Plenty of people disagree with me about this. Better to play it safe for now, get elected, and then let big congressional majorities work their magic. Good things will follow. But I'm not so sure. I've got a broader piece on this topic coming up in the November issue of the magazine, but my main point is easy to summarize: in the end, congressional majorities aren't enough. You need public opinion behind you too, and the only way to get that is by actively trying to mold public opinion. So far Obama hasn't really tried to do that, and that's troubling for the progressive movement. If he's unwilling to take a few minor risks now, how likely is it that he's going to be willing to take a few bigger risks if and when he's elected?

So throw us a bone, Barack. Take a small risk on behalf of a core progressive principle. Make an ad.

California's Prop 8 Push: "Save Our Children!"

| Mon Oct. 20, 2008 11:05 PM EDT

I was walking down an Oakland, California street tonight when I passed a family, there were at least six of them, with big yellow signs that read: "Yes on Prop 8" and "Keep Government Out!" and "Save Our Children!" Now Proposition 8, as you likely have heard, is the latest attempt to erode equal rights, this year's "say no to gay marriage" initiative on the upcoming state ballot.

They were yelling, all of them, even the little kiddies, "Save Our Children! Save Our Children!" It's a curious slogan. How, exactly, is banning same-sex marriage "restoring marriage and protecting California children?" It isn't like Measure OO, a city initiative that would boost funding for youth development, dedicating a chunk of the city's budget to after-school and other programs for kids. In fact there's no money at all in the initiative that would save our children, the gay or the straight ones. And it does nothing to restore anything, or protect anything, it's not really "pro" anything.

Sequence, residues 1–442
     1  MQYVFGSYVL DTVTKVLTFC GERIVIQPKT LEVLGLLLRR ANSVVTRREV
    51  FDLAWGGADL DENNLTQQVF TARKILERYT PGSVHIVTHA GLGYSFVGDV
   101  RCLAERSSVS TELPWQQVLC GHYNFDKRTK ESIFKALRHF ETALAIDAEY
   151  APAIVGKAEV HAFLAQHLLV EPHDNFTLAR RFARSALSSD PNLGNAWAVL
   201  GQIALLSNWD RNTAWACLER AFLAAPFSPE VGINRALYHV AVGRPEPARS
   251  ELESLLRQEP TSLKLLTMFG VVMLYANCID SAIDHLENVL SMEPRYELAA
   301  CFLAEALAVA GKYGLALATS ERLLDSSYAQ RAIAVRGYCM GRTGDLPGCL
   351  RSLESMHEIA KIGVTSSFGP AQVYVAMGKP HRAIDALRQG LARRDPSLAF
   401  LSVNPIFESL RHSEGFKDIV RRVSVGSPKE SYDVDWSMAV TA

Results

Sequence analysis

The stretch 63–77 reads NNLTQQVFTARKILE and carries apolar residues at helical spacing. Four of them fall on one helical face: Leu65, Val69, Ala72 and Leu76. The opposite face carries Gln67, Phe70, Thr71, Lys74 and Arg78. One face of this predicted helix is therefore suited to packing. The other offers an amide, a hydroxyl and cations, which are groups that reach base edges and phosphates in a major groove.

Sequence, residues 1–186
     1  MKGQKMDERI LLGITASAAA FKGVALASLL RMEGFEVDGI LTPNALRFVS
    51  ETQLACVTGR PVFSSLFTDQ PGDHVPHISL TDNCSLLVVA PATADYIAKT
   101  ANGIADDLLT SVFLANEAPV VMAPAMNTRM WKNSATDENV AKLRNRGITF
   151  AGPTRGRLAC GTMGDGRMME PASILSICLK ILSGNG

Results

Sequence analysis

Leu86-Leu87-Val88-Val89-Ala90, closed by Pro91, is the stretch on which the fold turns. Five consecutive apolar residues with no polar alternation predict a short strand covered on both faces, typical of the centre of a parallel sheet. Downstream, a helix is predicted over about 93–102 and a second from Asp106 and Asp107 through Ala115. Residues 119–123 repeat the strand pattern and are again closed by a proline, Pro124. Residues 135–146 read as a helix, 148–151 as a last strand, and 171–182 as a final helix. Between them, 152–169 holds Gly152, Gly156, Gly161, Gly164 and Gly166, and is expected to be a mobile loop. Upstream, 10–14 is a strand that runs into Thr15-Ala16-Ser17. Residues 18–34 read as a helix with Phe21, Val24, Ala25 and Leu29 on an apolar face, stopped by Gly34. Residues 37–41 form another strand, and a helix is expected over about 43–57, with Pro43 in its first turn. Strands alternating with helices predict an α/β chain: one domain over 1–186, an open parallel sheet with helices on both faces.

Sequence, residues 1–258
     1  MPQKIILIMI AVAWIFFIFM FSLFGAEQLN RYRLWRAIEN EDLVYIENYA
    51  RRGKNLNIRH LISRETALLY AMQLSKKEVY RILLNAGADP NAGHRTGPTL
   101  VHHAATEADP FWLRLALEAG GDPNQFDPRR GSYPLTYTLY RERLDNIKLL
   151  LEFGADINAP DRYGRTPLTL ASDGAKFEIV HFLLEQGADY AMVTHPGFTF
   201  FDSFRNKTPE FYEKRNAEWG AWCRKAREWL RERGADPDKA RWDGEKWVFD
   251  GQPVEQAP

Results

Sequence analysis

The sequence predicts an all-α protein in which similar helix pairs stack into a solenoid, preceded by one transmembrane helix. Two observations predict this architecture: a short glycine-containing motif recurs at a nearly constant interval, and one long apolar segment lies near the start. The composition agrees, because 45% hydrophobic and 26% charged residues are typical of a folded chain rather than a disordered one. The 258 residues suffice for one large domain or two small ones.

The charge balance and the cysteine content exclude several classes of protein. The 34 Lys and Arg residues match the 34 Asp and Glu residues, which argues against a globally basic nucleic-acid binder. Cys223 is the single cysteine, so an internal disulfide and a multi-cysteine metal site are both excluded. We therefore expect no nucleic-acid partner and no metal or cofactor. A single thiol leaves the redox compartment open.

And how, exactly, is banning people of the same sex from the benefits of marriage keeping government out? Is the government demanding women marry women or men marry men? According to one TV ad it sorta is. In the spot, a young girl comes home from school and tells her mom proudly, "I can marry a princess!" Have mercy, what parent doesn't want their kid to marry into royalty?

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MOJO VIDEO: Mad for McCain (Starring "Tito the Builder")

| Mon Oct. 20, 2008 7:04 PM EDT

At a John McCain rally in Virginia this past weekend, Mother Jones ran into a group of angry and frustrated McCain supporters looking for reporters to yell at. The now famous "Tito the Builder" was front and center. Here's what happened.

Taylor Wiles, Jonathan Stein, and David Corn

Dunkin' Donuts Goes Green...Sort Of

| Mon Oct. 20, 2008 5:59 PM EDT

DONUT.jpgOn Friday, Dunkin' Donuts opened a LEED-certified store in St. Petersburg, FL which will donate leftover food, use worm composting, green cleaning products, and paper cups, and has insulated walls to cut 40 percent of air conditioning needs. But when every other Dunkin' Donuts still uses Styrofoam cups, can we really expect significant changes among fast-food behemoths?